There is nothing particularly scary about the process of meat preparation, but meat gaseous bears uncooked stage special mention. Read on for information on proper thawing, storage and handling of raw meat, as well as potential dangers of mishandling it
Meat is at its most potentially damaging stage when it is between frozen and cooked. According to Centers for Disease Control and Prevention, food that is raw and of animal origin are the most likely to be contaminated with infectious microbes. The most common foodborne illnesses associated with raw meat stems from three types of bacteria: Salmonella, E. coli O157: H7 and Campylobacter. Some of these bacteria can have moderate to severe effects on the human digestive system. Common symptoms include abdominal cramps, fever and diarrhea. Severe cases may also include bleeding, anemia and kidney failure. In addition to infectious bacteria, may uncooked meat harbor harmful viruses calicivirus.
Sometimes, time is a factor. Most have been guilty of forgetting to take the meat out of the freezer in time to effectively defrost for dinner. In these cases, you may be tempted to cut corners in order to expedite the process. Some of these methods can compromise the quality of meat and / or increase the chances of contracting one foodborne illness. Leaving frozen meat on the counter to thaw at room temperature is never recommended, as this can turn the meat into a breeding ground for viruses and bacteria. Thawing of meat in warm or hot water to accelerate the process is not recommended. The warm temperatures will allow bacteria to multiply in the melted surface of the meat, while the hinterland continue to thaw.
The best method for safely thawing meat is to place it in the refrigerator, as the cold temperatures stunt multiplication of harmful microbes. When thawing meat in the refrigerator, it is recommended that the meat is placed on a plate or tray to avoid cross-infection. Ideally, the meat is placed on the bottom shelf of the refrigerator and kept away from ready-to-eat food and open containers. Although this is the most recommended method, it is also the slowest, so be sure to allow sufficient time for the meat to thaw. If the meat is packed airtight, may be placed in a sink filled with cold water. Water should be changed every thirty minutes to keep the temperature cold. If you’re pressed for time, you can also thaw meat in the microwave with the thaw setting. The temperature should not be too high since some parts of the meat can cook during defrosting and meat quality may be compromised.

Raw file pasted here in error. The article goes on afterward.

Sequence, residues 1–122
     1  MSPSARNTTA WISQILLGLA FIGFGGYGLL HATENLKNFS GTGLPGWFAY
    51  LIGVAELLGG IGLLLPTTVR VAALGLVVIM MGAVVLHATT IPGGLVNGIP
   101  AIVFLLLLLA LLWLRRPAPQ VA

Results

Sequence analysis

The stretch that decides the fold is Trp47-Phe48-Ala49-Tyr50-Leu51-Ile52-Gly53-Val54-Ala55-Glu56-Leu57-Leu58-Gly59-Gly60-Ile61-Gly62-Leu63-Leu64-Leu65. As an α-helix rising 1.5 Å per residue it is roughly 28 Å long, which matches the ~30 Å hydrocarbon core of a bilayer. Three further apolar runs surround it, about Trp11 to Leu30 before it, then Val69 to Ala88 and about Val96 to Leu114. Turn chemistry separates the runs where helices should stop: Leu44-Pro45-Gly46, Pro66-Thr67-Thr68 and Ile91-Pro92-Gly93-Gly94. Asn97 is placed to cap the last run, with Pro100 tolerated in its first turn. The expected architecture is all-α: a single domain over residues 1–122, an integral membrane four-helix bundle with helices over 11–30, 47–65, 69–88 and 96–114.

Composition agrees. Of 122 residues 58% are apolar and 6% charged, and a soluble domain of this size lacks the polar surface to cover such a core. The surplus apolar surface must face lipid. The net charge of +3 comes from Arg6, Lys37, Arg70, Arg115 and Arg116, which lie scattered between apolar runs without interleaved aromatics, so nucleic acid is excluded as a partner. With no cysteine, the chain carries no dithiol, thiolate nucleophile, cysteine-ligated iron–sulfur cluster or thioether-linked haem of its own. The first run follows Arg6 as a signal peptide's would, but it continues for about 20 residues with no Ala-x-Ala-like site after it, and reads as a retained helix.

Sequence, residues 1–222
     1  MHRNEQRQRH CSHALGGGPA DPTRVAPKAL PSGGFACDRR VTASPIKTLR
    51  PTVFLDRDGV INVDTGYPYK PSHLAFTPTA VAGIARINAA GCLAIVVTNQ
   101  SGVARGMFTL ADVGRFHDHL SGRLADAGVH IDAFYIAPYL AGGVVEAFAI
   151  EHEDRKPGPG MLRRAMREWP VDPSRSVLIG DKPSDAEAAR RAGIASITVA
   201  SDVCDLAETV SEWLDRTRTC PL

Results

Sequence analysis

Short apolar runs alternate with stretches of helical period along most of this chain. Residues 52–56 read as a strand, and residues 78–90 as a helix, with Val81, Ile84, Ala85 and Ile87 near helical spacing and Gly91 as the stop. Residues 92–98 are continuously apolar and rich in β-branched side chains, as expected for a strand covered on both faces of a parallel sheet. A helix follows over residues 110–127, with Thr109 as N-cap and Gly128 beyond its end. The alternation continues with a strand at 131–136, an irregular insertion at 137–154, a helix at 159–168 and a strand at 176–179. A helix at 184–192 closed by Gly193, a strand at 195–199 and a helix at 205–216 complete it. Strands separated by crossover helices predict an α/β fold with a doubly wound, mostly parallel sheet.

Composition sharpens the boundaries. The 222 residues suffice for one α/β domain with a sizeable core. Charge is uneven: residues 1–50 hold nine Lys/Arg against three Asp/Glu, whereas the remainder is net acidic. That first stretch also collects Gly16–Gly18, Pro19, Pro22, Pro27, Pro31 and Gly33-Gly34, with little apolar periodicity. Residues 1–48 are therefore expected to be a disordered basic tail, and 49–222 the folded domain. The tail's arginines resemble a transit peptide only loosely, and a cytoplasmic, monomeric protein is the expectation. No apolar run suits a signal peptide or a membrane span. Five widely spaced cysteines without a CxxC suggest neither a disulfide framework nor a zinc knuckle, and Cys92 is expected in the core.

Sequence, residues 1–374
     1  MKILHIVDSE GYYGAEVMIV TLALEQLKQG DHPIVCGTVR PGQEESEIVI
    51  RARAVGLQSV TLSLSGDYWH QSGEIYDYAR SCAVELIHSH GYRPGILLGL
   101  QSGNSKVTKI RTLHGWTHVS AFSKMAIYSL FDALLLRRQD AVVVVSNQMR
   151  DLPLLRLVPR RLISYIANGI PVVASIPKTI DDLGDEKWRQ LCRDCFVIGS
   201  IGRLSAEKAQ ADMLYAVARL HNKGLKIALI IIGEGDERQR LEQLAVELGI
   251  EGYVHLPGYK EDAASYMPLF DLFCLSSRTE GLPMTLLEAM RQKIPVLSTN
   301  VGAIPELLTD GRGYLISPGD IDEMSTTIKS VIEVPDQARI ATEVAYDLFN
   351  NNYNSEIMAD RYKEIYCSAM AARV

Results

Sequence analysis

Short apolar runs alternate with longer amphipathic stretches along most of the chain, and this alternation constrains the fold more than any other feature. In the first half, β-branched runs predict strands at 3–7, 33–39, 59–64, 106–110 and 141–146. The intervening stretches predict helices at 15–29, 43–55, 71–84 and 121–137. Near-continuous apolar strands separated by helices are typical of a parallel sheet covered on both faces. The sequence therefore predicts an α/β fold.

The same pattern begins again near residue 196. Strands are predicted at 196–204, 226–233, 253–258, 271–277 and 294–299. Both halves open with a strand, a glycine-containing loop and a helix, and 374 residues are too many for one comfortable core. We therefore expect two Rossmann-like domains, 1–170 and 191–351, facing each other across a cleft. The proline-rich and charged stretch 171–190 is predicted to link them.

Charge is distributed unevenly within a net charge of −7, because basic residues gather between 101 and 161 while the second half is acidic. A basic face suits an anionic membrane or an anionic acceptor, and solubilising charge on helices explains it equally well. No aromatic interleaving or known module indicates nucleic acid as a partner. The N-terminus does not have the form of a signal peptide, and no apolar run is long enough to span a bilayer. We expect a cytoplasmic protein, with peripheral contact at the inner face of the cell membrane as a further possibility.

The type of thawed meat determines how much time it can stay in the refrigerator before cooking. However, remember that all meat deteriorates quickly when it has been frozen and thawed. Ground meats such as beef, turkey or chicken should be cooked as soon as possible after they are thawed. Steaks, roasts and chops can potentially remain in the refrigerator for up to five days. Thawed meat is placed in a room temperature environment, the time frame is drastically reduced. It is not recommended for thawed meat being on a countertop for more than two hours. During warm seasons and in hot areas, should this time be halved. Once the meat has been thawed, it should not be refrozen.
For health and safety purposes, should any surface or utensils that come in contact with thawed meat thoroughly cleaned. The plate or tray meat were placed on to thaw in the refrigerator can be hand washed or placed in the dishwasher along with cutting boards, knives, tongs and utensils. If the meat sits right on a countertop surface should be wiped down with an antibacterial surface cleaner. Sponges or rags should be rinsed immediately in hot water. To avoid cross contamination, should be boiled meat space on another board than the one used for thawing. Most importantly, any person who handles raw meat should wash their hands thoroughly.
When it comes to something potentially dangerous as raw meat, it is always best to be on the safe side. If you are unsure how long the meat is left to sit at room temperature, it is best to get rid of it. Trust your senses. If there’s something off about appearance or odor of uncooked meat, the best option is to avoid it altogether.